Movie Review: Runner Runner

Movie Review: Runner Runner

Better not to deal with the Devil

By Mark HadleyWednesday 2 Oct 2013MoviesReading Time: 4 minutes

Runner Runner is a familiar ‘deal with the devil’ tale that draws the hero into a business he never thought he’d be part of. But unlike its predecessors, in this film the devil has lost a lot of his menace. 

Learning not to do deals with the Devil in 'Runner Runner'.

Starring Ben Affleck and Justin Timberlake, Runner Runner tells the story of a young Princeton student who turns to online gambling to try and fund his education. Timberlake’s Richie Furst was formerly a stockbroker who got burned by the Global Financial Crisis and is trying to rebuild his future with an Ivy League education. However when one of the world’s biggest online gambling sites cheats him out of his savings he decides to pay the owner a visit in Costa Rica. Enter Affleck as Ivan Block and the film’s incarnation of the devil. He is apparently impressed by Furst’s pluck and offers him a place as his protégé. Over the coming months Richie earns fabulous amounts of money and gets a taste for the self-indulgent life Block leads. But an unwelcome visit from the FBI tips the young broker off that the online business he’s involved in is not as legitimate as he thinks. Before long Furst is being drawn into a shady world of money laundering, murder and government payoffs. Can he get out before Block closes the door?

Runner Runner has all the elements for a good thriller, but is sadly let down in several key departments. Ben Affleck struggles to deliver the menace required of a good villain and the premise for Richie’s change of luck seems too stupid to be true – lo and behold it is! – but our hero never picks up on his peril. There’s also a fairly unfortunate attitude towards the dangers of gambling, even though Richie’s father is clearly addicted. The best casinos are presented as empowering a person to change their life. Recounting the story of a famous casino owner, Richie tells his friends that he would never have allowed a bent table in one of his establishments because it was bad for business:

Richie: “He understood what gambling is all about.”

Friend: “And what is gambling all about?”

Richie: “Everyone gets a fair shake.”

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Really? I thought gambling was about the House giving enough of an impression of ‘a fair shake’ that gamblers hand over their money while still believing they have every chance of making it back. The sad reality is, whether it’s a government lottery or plush poker pit, gambling is a business model that profiteers off greed and stupidity. But Runner Runner actually has worse in store…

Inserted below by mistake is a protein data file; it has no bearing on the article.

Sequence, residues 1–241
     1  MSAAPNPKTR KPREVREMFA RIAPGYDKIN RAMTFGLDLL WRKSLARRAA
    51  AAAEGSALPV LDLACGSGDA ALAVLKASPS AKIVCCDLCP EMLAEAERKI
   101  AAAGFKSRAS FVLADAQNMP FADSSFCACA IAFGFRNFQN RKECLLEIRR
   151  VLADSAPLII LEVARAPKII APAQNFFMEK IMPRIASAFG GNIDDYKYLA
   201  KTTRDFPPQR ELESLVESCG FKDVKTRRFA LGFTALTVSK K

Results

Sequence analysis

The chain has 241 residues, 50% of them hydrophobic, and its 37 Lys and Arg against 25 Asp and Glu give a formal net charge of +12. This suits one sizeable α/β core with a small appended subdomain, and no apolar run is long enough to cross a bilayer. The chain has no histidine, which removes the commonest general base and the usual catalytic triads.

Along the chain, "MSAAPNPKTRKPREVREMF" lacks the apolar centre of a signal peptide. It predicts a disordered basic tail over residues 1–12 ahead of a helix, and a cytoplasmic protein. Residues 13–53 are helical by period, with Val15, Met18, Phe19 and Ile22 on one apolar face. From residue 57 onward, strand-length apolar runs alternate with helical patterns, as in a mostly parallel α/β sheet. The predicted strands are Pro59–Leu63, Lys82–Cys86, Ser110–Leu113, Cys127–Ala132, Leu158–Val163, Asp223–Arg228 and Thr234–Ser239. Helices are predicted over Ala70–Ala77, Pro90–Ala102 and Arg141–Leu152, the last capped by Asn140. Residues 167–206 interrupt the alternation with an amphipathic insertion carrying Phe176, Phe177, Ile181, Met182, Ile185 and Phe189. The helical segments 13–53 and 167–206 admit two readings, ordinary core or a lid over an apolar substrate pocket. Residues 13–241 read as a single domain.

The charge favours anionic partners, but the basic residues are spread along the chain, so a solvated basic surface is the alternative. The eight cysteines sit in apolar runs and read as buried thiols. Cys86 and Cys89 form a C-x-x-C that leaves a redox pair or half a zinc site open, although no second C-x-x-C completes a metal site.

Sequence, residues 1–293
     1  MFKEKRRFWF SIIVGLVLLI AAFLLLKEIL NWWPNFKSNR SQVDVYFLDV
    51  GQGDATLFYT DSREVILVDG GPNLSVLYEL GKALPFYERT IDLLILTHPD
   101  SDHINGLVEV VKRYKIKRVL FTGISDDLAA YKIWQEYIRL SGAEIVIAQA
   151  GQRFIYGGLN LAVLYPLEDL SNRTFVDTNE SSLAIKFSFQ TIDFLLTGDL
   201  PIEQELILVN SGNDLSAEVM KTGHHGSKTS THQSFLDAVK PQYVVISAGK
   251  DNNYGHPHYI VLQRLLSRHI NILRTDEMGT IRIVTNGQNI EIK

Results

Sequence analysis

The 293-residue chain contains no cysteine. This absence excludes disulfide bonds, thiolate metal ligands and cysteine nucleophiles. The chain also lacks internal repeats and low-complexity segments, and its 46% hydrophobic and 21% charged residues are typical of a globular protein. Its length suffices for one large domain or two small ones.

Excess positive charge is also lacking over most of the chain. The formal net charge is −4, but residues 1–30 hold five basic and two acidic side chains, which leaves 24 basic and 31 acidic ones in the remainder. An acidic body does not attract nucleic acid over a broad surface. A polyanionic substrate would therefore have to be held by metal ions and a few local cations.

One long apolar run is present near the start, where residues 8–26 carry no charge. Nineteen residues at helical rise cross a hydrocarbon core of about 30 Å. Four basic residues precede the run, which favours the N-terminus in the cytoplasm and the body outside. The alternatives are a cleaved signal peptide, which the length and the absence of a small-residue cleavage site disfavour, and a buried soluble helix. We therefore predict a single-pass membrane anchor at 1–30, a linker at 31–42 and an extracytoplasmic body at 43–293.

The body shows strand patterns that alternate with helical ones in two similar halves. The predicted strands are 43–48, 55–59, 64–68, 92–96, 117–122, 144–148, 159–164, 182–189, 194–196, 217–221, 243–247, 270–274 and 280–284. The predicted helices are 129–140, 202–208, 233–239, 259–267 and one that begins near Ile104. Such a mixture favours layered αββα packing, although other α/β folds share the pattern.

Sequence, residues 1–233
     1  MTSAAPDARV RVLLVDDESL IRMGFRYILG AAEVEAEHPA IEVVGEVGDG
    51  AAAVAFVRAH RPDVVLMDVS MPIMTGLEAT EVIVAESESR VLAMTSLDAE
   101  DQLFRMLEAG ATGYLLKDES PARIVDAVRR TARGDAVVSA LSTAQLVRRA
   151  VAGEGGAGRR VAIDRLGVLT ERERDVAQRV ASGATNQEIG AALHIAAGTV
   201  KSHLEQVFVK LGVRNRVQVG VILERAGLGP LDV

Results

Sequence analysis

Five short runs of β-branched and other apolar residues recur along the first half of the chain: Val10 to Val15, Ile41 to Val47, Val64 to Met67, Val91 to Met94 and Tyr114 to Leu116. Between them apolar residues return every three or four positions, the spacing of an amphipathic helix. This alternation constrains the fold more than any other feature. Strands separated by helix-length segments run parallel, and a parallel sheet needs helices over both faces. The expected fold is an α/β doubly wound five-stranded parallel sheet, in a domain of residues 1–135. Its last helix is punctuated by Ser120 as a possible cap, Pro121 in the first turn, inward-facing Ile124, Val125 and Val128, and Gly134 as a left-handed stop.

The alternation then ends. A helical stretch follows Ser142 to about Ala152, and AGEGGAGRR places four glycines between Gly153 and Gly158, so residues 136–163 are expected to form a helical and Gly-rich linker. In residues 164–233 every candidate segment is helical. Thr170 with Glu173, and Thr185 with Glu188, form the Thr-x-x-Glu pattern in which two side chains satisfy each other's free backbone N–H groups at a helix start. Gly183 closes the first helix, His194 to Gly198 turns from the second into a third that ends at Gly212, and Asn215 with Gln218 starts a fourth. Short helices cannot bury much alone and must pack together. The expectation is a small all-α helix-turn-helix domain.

As I mentioned, the plotline is hardly new. Desperate men have been doing deals with the devil since Faust first knocked on Mephistopheles’ door in the 16th century. In fact picking ‘Furst’ as the hero’s last name is probably a nod to that seminal tale. The best-known adaptation in recent decades is certainly Oliver Stone’s Wall Street where the young Bud Fox craves Gordon Gecko’s success, only to discover his nearest and dearest will be the main course. However the difference between Runner Runner and Stone’s classic is a significant lack of integrity. 

Runner Runner pitches itself as a cautionary tale from its opening scene. The Dean of Princeton warns Richie off gambling by saying, “What we touch, touches us.” And it’s not long before Furst realizes that Block has been manipulating his weaknesses:

“That’s what Ivan does to you. He figures out what you want – and then he gives it to you.”

In fact the actual devil tried the same tactic with Jesus, offering him kingship over all the world – his actual destiny – if he’d simply bow down to him. In Wall Street Bud Fox is able to repudiate his decision to bow down to Gecko, but only at the cost of a stretch in prison. Not so Richie. He manages to make good on his failings, entrap Block, side-step the FBI and escape with the girl, a private jet and bank accounts bursting with money – oh, and having learnt a valuable lesson. But does he really learn anything? In fact Runner Runner actually does the devil’s work for him, suggesting that the smart will always be able to find a way to have their cake and eat it to, so go ahead and eat now. Jesus’ approach to temptation is a far more realistic and effective way of preserving our future:

Jesus said to him, “Away from me, Satan! For it is written: ‘Worship the Lord your God, and serve him only.’” 


Rating: M
Distributor: Fox
Release Date: September 26